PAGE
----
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When the cloud lifted and dispersed in the
twilight grey, no trace of the city remained;
where it had stood, lay Simmer Water.



         WHEREFORE pinest thou, my bird?
         Thy sweet song is never heard,
         All a bird's best joys surround thee
         Ever since the day I found thee.
         Once thy voice was free and glad,
         Tell me why art thou so sad?
         If this coarse thread cause thy pain,
         Thou shalt have a silken chain.

         Still thy voice Is ever mute.
         Can I not thy fancies suit?
         Will not silk content thy mind?
         Must I something richer find?
         Pray then droop no more thy head,
         Thou shalt have a silver thread
         Glittering silver thread is thine;
         Surely now thou canst not pine!

         What? in vain? Then must I try
         To humour still thy vanity;
         Thou shalt have a royal chain,
         Since silk and silver are too plain:
         Raise thy head and proudly sing,
         For behold, thou peevish thing,
         I tie thee with a golden string!

         Well then, since in vain I try,
         Ungrateful bird, to please thee, fly!
         Take thee to thy woods again,
         Since thy heart, so full of pain,
         Stifles thy melodious strain!


         Ah! these chains are bright and fine,
         But for these I did not pine.
         Thou hast made me once more free,
         And I longed for liberty.
         Keep, O keep thy chains of gold,
         But let them ne'er a captive hold:
         What is silver, to the sheen
         Of the dewdrops on the green?
         What is gold to beams of light
         That thread the misty morning bright?
         Naught glads me but my own free will,—
         Chains of gold are fetters still.




SECURE as I tried to feel in my change of
costume, my cropped hair, and my whiskerless
cheeks, I kept well away from the coach-
window, when the dinner at the inn was over
and the passengers were called to take their
places again. Thus farthanks to the
strength of my grasp on his neck, which had
left him too weak to be an outside-passenger
Screw had certainly not seen me; and, if I
played my cards properly, there was no
reason why he should see me before we got
to our destination. Throughout the rest of
the journey I observed the strictest caution,
and fortune seconded my efforts. It was dark
when we got to Shrewsbury. On leaving the
coach, I was enabled, under cover of the
night, to keep a sharp watch on the proceedings
of Screw and his Bow Street ally. They
did not put up at the hotel; but walked
away to a public-house. There, my clerical
character obliged me to leave them at the

I returned to the hotel, to make inquiries
about conveyances. The answers informed
me that Crickgelly was a little fishing-
village, and that there was no coach direct to
it, but that two coaches running to two
small Welsh towns situated at nearly equal
distances from my destination, on either side
of it, would pass through Shrewsbury the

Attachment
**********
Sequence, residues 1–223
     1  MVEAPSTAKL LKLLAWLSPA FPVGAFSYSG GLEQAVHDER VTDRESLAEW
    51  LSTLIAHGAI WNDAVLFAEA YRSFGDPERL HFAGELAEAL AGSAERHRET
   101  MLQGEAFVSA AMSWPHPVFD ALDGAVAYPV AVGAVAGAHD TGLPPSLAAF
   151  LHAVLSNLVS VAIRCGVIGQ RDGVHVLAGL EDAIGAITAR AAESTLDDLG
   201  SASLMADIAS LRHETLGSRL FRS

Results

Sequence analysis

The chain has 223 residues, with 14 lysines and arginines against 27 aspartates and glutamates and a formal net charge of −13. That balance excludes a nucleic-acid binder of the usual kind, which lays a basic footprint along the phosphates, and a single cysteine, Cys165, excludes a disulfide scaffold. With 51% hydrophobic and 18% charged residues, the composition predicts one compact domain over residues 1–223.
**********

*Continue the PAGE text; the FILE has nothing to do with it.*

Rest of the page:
next morning. The waiter added, that I could
book a placeconditionallyby either of
these vehicles; and that, as they were always
well-filled, I had better be quick in making
my choice between them. Matters had
now arrived at such a pass, that nothing
was left for me but to trust to chance. If I
waited till the morning to see whether
Screw and the Bow Street runner travelled
in my direction, and to find out, in case they
did, which coach they took, I should be
running the risk of losing a place for myself,
and so delaying my journey for another day.
This was not to be thought of. I told the
waiter to book me a place in which coach
he pleased. The two were called respectively
The Humming Bee, and The Red Cross
Knight. The waiter chose the latter.

Sleep was not much in my way that night.
I rose almost as early as Boots himself
breakfastedthen sat at the coffee-room
window looking out anxiously for the two
coaches. Nobody seemed to agree which
would pass first. Each of the inn servants of
whom I inquired made it a matter of
partisanship, and backed his favourite coach with
the most consummate assurance. At last, I
heard the guard's horn and the clatter of the
horses' hoofs. Up drove a coachI looked
out cautiouslyit was the Humming Bee.
Three outside places were vacant; one
behind the coachman; two on the dickey.
The first was taken immediately by a farmer,
the secondto my unspeakable disgust and
terrorwas secured by the inevitable Bow
Street runner; who, as soon as he was up,
helped the weakly Screw into the third
place, by his side. They were going to
Crickgelly; not a doubt of it, now.

I grew mad with impatience for the arrival
of the Red Cross Knight. Half an hour passed
forty minutesand then I heard another
horn and another clatter and the Red Cross
Knight rattled up to the hotel-door at full
speed. What if there should be no vacant
place for me! I ran to the door with a
sinking heart. Outside, the coach was
declared to be full.

''There is one inside place," said the
waiter, " if you don't mind paying the——"